I am going to make a bold and opinionated statement here. Most mainstream health professionals don’t really know how people get fat. And they know less about how to loose weight sustainably. Some think they do, but their hypothesis is wrong. They believe it’s all about energy balance and eating fewer calories than you burn. They completely ignore how hormones act on nutrients and how this influences an individual’s propensity to accumulate fat. Consequently, most of them offer advice that is ineffective, and sometimes even counter productive, for the majority of overweight people. And in the case of doctors, the advice is typically based on material they have spent no more than 2 weeks studying at medical school.

Have you tried more than once to loose weigh the mainstream way? Did it work? Did the weight pile back on? Are people blaming your weak character for your weight problem? Are you beating yourself up about it?

Why on earth would you want more of that?

I got tired of being down on myself. I made a choice to question everything I had been told about how to eat. I learned that government guideline and mainstream medical advice is not really based in any science. So, I looked for people who offered something different and who did have some science to back up their advice. This led me to the Ancestral Health community and a return to normal weight and dramatically improved health.

I would like you to take the same joyous journey, but I am not saying you should necessarily listen to me or emulate what I did. I just think you should take your own health seriously. Give yourself some credit and stop listening to advice that hasn’t worked for you. Explore alternatives and always educate yourself before you take anybody’s advice. Do your own research and apply a healthy dose of critical thinking to the information you find. Then take action and conduct your own self-experiment by applying what you have learned. If you keep an open mind and trust your ability to distinguish good information from bad, you will succeed.

Here is a video lecture from another contrarian who encourages you to think for yourself. Tom Naughton is not a doctor nor a scientist. He is a journalist and a former comedian. In other words, a sane voice worth listening to in a world that has gone mad.

Must-See Video: Andreas Eenfeldt interviews Loren Cordain

On this blog you will find a number of videos by Andreas Eenfeldt (aka the Diet Doctor). His collection of video interviews is a great resource. Andreas has interviewed most of the leading lights in the Ancestral Health movement. Check out his YouTube channel here.

This week Andreas released a video interview with Dr. Loren Cordain who many consider the founder of the Paleo movement.

This interview covers the following topics:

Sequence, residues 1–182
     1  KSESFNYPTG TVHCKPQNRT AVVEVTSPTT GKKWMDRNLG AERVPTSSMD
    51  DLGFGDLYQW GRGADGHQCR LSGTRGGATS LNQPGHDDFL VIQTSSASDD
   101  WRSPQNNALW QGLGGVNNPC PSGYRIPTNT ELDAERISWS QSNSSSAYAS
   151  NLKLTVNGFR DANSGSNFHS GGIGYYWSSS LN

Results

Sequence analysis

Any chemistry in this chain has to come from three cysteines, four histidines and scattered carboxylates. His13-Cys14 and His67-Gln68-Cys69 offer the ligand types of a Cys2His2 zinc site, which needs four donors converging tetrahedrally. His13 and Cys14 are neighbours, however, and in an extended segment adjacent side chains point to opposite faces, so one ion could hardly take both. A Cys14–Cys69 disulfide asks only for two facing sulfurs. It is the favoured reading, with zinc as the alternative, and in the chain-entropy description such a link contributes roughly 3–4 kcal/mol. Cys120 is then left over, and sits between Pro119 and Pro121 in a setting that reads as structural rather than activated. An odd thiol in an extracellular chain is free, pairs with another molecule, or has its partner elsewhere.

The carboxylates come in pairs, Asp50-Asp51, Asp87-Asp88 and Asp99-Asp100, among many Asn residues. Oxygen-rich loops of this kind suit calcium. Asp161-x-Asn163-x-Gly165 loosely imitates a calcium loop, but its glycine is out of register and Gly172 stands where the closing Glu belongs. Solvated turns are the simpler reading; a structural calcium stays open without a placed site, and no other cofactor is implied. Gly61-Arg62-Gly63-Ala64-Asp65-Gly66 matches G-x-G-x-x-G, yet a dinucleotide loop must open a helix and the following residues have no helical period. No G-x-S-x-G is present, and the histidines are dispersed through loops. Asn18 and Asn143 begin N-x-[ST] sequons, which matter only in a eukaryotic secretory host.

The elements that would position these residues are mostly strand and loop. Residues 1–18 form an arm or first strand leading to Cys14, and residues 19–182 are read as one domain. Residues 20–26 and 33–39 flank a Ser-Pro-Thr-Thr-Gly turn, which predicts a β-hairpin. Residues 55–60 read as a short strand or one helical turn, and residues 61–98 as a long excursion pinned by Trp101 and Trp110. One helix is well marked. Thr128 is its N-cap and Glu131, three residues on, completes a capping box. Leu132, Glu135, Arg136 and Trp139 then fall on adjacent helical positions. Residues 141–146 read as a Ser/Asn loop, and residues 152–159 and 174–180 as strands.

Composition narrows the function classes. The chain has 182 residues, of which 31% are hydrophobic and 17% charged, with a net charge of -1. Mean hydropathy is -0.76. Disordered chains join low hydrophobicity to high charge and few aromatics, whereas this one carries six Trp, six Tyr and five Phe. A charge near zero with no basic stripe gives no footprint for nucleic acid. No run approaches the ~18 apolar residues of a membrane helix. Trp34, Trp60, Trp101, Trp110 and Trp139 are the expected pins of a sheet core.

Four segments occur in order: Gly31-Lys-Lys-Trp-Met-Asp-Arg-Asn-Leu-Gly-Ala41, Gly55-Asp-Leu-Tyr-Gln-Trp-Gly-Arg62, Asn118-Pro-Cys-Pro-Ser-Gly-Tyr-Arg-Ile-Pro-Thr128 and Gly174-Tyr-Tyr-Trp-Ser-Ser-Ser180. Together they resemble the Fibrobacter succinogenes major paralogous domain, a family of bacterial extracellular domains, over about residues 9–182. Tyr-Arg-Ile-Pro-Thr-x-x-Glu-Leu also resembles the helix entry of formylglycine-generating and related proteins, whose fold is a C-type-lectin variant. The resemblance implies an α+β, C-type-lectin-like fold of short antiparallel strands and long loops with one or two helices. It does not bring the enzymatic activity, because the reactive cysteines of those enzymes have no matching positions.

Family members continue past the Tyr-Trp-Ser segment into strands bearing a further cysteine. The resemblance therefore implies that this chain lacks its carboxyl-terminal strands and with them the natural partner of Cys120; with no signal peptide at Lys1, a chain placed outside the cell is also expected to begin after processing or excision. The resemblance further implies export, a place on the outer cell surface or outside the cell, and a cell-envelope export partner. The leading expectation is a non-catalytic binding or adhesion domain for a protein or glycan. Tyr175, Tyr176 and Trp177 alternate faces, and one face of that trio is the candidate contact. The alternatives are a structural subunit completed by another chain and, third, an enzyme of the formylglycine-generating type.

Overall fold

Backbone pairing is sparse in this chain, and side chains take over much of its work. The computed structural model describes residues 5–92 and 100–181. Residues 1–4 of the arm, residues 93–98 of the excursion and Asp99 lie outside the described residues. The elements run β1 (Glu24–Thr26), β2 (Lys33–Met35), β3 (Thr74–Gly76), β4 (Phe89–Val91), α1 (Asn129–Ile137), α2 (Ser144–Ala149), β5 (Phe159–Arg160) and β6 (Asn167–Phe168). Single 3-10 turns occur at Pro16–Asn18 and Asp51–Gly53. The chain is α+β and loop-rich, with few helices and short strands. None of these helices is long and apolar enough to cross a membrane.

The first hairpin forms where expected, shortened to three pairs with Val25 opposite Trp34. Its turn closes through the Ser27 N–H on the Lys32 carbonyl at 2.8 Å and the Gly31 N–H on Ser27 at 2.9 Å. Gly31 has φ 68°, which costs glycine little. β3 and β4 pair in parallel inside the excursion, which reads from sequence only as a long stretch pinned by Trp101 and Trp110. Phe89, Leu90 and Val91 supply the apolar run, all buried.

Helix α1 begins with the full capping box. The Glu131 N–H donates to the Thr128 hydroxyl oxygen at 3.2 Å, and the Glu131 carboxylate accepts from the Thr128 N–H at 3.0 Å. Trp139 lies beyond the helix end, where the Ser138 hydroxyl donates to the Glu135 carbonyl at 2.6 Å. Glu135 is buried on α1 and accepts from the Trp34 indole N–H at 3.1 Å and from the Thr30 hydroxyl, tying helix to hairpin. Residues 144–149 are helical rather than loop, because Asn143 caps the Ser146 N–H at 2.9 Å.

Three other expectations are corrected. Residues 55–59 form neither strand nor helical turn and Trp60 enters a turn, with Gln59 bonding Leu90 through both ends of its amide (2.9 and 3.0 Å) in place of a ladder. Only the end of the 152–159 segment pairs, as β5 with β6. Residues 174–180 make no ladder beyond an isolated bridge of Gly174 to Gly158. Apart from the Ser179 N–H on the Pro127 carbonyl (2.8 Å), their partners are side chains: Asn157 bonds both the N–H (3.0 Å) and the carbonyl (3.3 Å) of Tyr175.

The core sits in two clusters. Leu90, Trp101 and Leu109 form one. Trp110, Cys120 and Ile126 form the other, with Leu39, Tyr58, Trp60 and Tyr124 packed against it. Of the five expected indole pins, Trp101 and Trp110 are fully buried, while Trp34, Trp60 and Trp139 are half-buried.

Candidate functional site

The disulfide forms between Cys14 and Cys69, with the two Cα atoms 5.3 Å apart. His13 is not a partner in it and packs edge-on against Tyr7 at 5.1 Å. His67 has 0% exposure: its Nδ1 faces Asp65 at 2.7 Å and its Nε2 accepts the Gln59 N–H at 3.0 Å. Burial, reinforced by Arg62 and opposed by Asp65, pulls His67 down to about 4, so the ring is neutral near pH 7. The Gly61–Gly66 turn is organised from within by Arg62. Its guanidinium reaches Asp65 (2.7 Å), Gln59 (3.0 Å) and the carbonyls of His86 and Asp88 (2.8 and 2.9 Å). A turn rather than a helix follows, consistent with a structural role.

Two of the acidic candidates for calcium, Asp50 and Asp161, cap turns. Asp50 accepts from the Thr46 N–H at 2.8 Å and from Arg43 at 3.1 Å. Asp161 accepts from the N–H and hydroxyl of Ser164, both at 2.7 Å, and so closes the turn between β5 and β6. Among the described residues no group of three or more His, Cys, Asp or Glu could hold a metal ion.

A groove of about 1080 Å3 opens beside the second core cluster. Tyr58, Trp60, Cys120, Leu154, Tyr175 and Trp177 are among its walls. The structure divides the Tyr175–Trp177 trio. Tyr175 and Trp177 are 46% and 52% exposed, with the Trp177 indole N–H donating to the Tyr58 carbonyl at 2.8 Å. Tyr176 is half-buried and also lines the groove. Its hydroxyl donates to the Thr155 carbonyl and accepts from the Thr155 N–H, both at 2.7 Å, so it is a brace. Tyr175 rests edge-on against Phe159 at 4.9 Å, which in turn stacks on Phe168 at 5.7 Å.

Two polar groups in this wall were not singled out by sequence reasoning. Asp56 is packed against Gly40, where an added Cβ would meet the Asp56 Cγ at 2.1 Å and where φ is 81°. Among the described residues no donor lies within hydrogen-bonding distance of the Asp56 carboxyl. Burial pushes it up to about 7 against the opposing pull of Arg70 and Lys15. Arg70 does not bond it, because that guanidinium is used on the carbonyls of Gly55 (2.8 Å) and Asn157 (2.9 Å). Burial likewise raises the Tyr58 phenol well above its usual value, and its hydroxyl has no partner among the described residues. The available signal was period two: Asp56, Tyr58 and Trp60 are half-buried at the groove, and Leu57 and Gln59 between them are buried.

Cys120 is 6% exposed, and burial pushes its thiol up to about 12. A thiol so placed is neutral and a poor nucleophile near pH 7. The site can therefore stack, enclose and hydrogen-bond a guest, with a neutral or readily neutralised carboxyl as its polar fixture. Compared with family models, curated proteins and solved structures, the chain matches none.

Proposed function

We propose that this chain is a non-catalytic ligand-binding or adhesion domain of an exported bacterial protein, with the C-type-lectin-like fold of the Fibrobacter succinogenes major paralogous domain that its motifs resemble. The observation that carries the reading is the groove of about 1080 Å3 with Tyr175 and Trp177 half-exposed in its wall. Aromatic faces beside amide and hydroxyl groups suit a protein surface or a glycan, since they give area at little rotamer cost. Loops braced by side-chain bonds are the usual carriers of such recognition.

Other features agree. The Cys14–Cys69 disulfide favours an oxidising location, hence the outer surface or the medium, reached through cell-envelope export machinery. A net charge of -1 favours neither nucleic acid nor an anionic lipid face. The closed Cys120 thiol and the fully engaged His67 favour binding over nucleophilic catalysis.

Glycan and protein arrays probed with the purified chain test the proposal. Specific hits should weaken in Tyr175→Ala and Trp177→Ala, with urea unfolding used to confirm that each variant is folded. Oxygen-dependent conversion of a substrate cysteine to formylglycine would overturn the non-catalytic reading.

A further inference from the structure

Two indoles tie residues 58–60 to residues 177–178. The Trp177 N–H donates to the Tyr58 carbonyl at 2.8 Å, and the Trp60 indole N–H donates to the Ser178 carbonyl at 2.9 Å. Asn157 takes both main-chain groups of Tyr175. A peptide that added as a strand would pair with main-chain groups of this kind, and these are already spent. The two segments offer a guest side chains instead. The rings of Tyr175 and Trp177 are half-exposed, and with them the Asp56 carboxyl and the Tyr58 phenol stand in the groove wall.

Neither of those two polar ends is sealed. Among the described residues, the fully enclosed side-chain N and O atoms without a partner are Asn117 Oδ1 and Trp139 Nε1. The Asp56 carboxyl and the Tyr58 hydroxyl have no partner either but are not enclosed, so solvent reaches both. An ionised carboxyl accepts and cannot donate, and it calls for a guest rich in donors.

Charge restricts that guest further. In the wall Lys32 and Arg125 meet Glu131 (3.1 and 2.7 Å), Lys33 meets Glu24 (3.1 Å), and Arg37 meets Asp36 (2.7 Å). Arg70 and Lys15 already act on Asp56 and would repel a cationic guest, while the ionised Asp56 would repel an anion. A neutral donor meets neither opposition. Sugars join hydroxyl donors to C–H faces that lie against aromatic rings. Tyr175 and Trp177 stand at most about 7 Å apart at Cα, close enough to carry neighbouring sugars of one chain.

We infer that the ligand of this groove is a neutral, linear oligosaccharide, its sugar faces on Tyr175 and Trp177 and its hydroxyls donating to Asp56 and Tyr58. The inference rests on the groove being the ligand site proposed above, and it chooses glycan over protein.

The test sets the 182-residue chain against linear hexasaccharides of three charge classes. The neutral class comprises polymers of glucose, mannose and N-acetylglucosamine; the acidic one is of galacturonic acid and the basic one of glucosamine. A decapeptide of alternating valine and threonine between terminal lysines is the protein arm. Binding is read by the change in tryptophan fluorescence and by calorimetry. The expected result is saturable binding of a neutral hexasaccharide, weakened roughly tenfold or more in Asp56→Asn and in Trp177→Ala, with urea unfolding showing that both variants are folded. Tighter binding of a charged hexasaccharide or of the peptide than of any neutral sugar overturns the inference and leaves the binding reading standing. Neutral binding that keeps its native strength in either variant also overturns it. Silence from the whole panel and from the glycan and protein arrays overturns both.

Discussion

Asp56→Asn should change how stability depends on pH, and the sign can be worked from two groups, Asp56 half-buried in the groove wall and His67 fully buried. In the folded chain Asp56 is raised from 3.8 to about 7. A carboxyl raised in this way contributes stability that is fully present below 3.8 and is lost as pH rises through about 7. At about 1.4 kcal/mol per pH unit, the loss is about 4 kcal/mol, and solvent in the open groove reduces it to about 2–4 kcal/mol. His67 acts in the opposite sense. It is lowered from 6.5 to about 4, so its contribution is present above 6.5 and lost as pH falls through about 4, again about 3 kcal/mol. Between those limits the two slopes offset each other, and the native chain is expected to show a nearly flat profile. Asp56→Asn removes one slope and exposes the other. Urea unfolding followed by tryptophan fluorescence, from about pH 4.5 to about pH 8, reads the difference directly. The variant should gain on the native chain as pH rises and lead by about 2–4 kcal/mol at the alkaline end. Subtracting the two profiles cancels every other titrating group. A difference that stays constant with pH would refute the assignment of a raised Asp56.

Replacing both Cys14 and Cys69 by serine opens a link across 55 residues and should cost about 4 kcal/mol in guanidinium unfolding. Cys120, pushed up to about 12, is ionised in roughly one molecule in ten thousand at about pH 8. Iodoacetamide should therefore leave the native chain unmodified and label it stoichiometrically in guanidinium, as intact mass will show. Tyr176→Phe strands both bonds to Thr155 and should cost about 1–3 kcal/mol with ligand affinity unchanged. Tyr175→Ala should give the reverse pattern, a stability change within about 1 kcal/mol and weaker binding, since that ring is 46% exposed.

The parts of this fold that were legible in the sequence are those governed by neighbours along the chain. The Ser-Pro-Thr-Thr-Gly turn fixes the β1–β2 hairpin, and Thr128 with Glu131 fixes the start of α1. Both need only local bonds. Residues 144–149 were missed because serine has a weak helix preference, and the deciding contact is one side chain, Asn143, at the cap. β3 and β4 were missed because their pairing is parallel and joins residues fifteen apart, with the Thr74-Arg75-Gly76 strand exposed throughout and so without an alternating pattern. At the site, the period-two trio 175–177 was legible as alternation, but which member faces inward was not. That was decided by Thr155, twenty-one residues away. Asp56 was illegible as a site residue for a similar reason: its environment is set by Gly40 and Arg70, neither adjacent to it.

• What the Paleo diet is and who can benefit from it
  • The consequences of ignoring evolutionary biology in our diet
  • Why saturated fat is healthy when part of a low-carb diet
  • Why Dr. Cordain believes a vegan diet is unhealthy
  • Why Dr. Cordain advises caution against milk products (but is OK with butter)
  • How leaky gut, chronic inflammation and a range of auto-immune diseases appears to be linked


Primal Case-Studies: An update from Phil

Those of you who follow my blog regularly will recall I interviewed Phil back in November.

Phil switched to a low-carb life-style  September last year in an effort to manage his diabetes. His early results were spectacular. He lost 14 lbs / 7kg in 3 weeks, and he cut his use of insulin to a third of what it was previously.

Phil has agreed to update us on his progress periodically. Here is the latest instalment.

What has happened since we last spoke in November?

My weight has stabilised at 85Kg. I probably could lose a few more Kg, but everyone I meet notices the loss of weight.

My ill fitting clothes were getting embarrassing, so I have had to buy a new suit, and lots of new clothes.

And I feel fantastic. None of the drowsiness that I used to have almost every day. Generally I am full of energy.

What challenges have you come up against in maintaining your new life-style?

Every time I find myself in a different place or situation, finding something suitable to eat can be a challenge. I used to be very flexible and would eat whatever was available. But now it is the opposite. But then, when I do find something, I almost always feel really happy with what I have eaten and rarely regret not having what I would have eaten. If that makes sense.

How do people react to the changes you have made?

Everyone seems to be very respectful of it. Last week we went to dinner with friends and they went to so much effort to make the meal suitable for me. I was moved that people react so well.

What have you learned over the past two months that have caused you to make further changes to your life-style?